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These recent paintings include the Framed Series, the Mid-Seasons series, the Musical Notes series, and others. The 17 paintings of the Face of God series and the Kaos series have their respective pages.
Intermezzo, that special time between seasons...
The origins of the musical system of notation trace back to the Italian Benedictine monk, Guido D’Arezzo (c.995-c.1050).
Before this system, singers had to memorize the entire chant repertoire to pass this on to the next generation. The new system replaced letters with notes, to be added to four parallel lines. Guido introduced the symbols Ut, Re, Mi, Fa, Sol and La as names for the 6 tones C, D, E, F, G and A, the hexachord. Later, “Si” or “Ti” was added., and eventually “Do” replaced Ut.
This tie to his native Italy inspired Benini in 2015 to create this series ~ Musical Notes.
"After 17 Face of God paintings, a break entered the canvas, an opening... unexpected - another journey into the personal unknown – it has become the Meditation series". –Benini
The God I was portraying had nothing to do with religious icons or established beliefs - identities man has created from the beginning of man time. It was more a quest for an abstract essence: universal in spirit. I used color, my lifetime ally, with all its powers and varieties." - Benini
This series reflected the growing fascination of Benini with the newest science: chaos. While related to the pointillists and the work of the abstract expressionists (Pollock, in particular) this technique allowed Benini a free-flowing exploration into the great unknown. A child-like approach to color leads the composition into unexpected effects that become new maps of the unconscious.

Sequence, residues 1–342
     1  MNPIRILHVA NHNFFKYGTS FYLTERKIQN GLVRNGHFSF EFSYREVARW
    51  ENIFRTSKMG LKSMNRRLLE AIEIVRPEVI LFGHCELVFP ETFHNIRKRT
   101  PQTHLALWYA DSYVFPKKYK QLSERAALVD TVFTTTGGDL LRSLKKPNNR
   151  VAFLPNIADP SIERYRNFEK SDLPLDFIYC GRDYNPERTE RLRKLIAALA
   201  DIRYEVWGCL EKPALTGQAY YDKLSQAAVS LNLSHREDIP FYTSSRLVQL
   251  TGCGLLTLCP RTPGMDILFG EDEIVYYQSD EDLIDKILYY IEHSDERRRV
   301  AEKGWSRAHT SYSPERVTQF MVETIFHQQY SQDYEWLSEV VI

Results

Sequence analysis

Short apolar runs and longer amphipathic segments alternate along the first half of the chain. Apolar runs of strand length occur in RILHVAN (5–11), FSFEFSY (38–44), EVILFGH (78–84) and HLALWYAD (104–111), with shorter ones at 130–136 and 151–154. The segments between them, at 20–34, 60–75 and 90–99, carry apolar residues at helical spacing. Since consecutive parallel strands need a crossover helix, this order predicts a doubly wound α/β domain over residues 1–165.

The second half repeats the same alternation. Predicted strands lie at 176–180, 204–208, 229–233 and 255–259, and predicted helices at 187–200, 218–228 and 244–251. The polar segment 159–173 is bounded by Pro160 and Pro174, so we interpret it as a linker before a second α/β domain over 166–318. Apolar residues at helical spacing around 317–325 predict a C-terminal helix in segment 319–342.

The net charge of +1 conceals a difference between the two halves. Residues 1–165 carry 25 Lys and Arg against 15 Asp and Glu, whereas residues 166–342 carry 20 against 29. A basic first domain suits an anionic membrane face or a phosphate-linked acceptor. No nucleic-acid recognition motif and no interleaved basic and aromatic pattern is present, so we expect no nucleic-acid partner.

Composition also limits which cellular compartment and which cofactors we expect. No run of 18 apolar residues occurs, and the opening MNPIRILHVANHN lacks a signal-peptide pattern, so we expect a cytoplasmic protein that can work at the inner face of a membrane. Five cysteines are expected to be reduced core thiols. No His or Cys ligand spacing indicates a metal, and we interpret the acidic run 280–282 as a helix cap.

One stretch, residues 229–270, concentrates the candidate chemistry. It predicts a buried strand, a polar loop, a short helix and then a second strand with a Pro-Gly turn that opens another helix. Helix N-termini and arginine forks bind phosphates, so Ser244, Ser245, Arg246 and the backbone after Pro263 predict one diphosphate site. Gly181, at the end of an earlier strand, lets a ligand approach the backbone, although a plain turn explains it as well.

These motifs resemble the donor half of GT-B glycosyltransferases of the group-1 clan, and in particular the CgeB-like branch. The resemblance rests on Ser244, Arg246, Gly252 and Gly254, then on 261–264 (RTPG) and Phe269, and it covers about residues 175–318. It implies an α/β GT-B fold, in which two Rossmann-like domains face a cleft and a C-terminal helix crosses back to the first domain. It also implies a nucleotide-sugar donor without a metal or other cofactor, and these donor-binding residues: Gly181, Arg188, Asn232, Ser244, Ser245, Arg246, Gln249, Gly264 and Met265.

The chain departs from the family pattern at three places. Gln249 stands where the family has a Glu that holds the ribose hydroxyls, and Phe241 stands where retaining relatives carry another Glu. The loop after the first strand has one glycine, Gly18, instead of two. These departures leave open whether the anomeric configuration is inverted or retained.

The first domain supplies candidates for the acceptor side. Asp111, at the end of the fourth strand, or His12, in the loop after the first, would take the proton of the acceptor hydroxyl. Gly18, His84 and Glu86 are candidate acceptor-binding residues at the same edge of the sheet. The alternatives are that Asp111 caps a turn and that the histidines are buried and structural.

Following a trip West and a visit with Robert Monroe in Faber, Virginia, Benini returned to his easel and set aside the roses. He started painting geometric shapes, first simple cubes, spheres and triangles, and then combinations, and eventually he added the lyricism of ribbons. He continued this series until the Courting Kaos work.
Benini's focus on the symbol of the rose culminated in the late 80's with his canvases that followed the contour of the outside petals, giving a free floating effect to the roses.
While roses were a constant theme for 20 years, Benini combined other elements with them in the work of the late 70's and 80's - in particular, ballerinas, eagles, mimes, and birds.
Figurative work, nudes and roses encompassed this decade,with shows of "Women and Roses" being exhibited in New York and Europe, along with his Superposes, roses four feet wide to eight feet wide rendered in one bright color bringing forth the petals and inner heart of the roses on a large scale.
This is the only time Benini painted in oils. He was still in Italy, traveling and painting, and he had yet to discover acrylics.